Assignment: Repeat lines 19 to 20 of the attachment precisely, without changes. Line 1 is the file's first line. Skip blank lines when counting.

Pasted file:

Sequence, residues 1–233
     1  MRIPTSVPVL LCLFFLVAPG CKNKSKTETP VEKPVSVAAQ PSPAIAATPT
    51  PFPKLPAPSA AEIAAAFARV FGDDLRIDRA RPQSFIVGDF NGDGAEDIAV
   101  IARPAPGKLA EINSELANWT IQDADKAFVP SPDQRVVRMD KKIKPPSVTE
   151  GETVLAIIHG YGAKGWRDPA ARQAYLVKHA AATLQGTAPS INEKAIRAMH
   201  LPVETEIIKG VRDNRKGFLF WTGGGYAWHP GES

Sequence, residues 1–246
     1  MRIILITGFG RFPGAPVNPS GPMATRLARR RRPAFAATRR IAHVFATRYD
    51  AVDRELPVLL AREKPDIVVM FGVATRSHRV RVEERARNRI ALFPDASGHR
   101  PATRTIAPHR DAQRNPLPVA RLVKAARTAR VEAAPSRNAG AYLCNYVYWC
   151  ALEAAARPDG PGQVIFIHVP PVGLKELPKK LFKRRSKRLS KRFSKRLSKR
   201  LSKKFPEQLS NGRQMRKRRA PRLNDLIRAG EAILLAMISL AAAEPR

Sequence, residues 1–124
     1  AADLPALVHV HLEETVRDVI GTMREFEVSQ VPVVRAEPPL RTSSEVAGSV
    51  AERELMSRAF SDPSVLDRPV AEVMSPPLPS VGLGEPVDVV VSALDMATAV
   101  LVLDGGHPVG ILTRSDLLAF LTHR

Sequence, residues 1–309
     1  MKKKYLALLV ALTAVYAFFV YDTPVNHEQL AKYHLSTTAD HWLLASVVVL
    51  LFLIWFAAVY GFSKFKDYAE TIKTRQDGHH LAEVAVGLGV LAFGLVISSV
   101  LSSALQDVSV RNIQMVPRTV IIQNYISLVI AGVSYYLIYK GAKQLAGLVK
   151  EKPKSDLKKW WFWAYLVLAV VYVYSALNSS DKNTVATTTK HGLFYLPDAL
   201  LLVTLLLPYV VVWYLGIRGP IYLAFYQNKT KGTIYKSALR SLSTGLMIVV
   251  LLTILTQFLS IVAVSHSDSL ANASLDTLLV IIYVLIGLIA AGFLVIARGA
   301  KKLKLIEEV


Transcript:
    51  LFLIWFAAVY GFSKFKDYAE TIKTRQDGHH LAEVAVGLGV LAFGLVISSV
   101  LSSALQDVSV RNIQMVPRTV IIQNYISLVI AGVSYYLIYK GAKQLAGLVK